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Science and religion: Can they coexist?

Christina Clark JPEGBy CHRISTINA CLARK
Columnist

Are they opposing forces? Do they need to be? Lately, I’ve been finding more and more content locally and online about how “religious people need science.” Likewise, I’ve seen things in the past that state that science is an affront to religion. I started a little Facebook conversation about it and was pleased to find people from different non-faith/faiths chiming in on the topic. Quoting citing personal experiences and studies, challenging each other’s ideas in a respectful manner, quoting their personal religious books…this is what I like to see.

As someone who would call herself “spiritual” if asked to check a box on the topic, and someone who enjoys the advances of science, I like to think they can coexist without much conflict. Having always loved watching science fiction tv shows and movies, I was basically born to ask questions about how things work, what things are made of, and why things are the way they are.  I have been fascinated by chemistry, physics, and biology in some way or another for a very long time.

My beliefs are a bit harder to explain, but the wonderful family, friends, co-workers, and general public that I come into contact with has taught me a lot about different belief systems and theologies. I can’t pretend to argue for a certain point of view, as I can’t see the world through just one lens of beliefs. Defining “religion” and the belief in “God” for this process is tricky.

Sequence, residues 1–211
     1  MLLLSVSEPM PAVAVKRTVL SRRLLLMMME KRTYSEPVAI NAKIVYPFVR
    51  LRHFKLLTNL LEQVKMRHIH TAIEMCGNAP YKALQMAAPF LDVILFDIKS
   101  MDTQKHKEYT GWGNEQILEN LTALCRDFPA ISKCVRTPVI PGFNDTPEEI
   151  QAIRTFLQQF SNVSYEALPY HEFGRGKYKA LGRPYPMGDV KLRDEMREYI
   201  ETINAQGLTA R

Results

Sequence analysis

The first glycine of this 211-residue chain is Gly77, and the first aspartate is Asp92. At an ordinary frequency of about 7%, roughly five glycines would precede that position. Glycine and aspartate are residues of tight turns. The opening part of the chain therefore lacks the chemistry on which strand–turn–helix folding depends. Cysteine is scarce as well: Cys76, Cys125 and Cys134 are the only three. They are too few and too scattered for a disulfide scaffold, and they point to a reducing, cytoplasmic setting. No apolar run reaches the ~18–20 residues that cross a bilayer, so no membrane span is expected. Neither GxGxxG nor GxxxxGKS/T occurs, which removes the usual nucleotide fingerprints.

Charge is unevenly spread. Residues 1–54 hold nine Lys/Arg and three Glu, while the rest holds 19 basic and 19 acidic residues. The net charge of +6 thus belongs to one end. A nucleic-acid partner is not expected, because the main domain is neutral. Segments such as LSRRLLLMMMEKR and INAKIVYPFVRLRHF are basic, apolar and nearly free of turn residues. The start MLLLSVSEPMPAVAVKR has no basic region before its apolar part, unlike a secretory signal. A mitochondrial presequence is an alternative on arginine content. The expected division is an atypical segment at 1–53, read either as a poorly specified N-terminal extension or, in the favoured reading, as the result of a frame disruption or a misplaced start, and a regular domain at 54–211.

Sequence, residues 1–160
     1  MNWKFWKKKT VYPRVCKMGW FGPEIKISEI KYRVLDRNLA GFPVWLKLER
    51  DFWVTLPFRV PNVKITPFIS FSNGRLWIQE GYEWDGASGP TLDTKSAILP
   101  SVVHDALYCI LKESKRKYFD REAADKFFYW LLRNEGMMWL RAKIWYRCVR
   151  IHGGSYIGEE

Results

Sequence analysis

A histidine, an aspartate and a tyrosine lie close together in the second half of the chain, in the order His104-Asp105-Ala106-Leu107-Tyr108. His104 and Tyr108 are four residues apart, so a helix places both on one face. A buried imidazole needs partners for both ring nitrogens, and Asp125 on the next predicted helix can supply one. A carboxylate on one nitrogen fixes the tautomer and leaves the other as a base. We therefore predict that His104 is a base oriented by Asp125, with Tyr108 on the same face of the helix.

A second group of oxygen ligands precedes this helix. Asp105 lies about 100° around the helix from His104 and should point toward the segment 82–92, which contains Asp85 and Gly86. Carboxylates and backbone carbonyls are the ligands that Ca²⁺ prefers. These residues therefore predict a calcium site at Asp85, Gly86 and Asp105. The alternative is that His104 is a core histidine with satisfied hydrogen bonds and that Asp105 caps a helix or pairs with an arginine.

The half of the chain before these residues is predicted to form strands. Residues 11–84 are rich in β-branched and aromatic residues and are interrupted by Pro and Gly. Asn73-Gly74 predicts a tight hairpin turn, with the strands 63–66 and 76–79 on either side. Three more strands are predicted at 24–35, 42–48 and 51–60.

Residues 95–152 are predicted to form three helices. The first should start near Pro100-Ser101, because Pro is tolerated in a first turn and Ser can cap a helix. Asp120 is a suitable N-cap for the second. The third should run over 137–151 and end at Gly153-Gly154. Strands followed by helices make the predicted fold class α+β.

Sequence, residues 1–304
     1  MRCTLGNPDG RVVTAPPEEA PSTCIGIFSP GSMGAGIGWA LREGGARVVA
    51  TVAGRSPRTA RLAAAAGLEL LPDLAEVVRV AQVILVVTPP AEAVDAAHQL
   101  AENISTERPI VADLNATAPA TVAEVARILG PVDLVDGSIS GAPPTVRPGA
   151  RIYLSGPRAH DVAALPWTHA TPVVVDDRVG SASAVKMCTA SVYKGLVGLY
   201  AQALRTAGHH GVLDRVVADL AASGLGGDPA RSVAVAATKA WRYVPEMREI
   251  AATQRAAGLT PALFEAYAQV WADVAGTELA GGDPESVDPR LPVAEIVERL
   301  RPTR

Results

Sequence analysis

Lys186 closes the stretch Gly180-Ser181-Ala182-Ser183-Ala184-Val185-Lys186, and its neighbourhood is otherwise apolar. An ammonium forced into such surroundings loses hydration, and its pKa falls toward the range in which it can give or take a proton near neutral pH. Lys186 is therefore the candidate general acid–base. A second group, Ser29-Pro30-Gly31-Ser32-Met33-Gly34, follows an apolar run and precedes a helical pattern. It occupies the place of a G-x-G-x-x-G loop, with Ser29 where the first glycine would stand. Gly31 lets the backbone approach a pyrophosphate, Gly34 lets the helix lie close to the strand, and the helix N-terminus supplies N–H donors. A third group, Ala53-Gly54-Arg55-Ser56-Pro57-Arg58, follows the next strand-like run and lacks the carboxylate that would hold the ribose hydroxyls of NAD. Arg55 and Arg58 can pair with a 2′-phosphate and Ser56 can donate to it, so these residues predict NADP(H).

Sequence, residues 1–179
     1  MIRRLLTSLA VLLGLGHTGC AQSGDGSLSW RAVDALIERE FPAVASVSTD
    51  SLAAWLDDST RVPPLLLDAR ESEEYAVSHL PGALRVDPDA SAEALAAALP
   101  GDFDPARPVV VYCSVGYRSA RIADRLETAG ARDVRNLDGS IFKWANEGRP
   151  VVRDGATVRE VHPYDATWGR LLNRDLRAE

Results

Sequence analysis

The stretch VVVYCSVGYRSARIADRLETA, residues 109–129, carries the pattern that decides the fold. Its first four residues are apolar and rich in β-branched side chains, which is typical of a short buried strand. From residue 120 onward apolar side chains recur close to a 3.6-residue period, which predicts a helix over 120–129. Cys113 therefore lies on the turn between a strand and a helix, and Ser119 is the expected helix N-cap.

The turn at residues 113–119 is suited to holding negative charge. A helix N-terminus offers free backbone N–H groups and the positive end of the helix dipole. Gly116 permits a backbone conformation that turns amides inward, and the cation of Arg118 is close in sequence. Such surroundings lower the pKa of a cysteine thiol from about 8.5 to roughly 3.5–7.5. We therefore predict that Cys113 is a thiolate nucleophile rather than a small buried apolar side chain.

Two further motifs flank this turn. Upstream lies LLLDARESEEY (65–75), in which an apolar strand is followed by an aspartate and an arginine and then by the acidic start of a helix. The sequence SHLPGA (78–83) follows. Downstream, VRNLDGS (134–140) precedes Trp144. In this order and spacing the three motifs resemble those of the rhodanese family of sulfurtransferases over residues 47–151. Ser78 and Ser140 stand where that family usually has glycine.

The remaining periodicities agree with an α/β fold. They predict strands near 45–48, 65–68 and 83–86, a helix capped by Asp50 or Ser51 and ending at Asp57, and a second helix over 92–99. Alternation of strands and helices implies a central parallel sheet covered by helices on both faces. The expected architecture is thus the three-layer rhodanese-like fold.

Every religion (or decisive lack of religion) has suffered at best discrimination and at worst bloodshed over their beliefs and practices. You’d think humans could find a common ground in that: everybody hates being harmed because of what they believe in. Just because one person believes in something that someone else does not, doesn’t mean it is a complete affront to their way of life.

Science has made some pretty great leaps and bounds in our quality and understanding of life. By asking questions, researching answers, making hypotheses, running experiments, and analyzing the data observed, the scientific method has afforded us so many changes and advancements.

A mutual respect between the two fields would be wonderful. Knowing both those studying theology and chemistry, they never try to pit their research against the other. Why? Because they understand that they are in two very different arenas, trying to answer very different questions.

When the Higgs-Boson particle was found, it was immediately nicknamed “The God Particle” (though it is said to have been the shortened version of the original name).
As I understand it (and I am not a scientist), the Higgs-Boson is responsible for the mass in the universe. Some parts of science do capture the mind and rev the spiritual thinker to mix the two. But even if finding a particle that gives mass to everything around us is nicknamed as such, does it really mean that we’ve “found” God? I think it opens great door for conversation, a mixing of respectful banter between the two worlds, but never to belittle one or the other.

I guess what I’m trying to say is that science isn’t a religion, and religion isn’t a science.  They don’t belong together, and one shouldn’t attempt to dissuade the other for their own gains. They can coexist.

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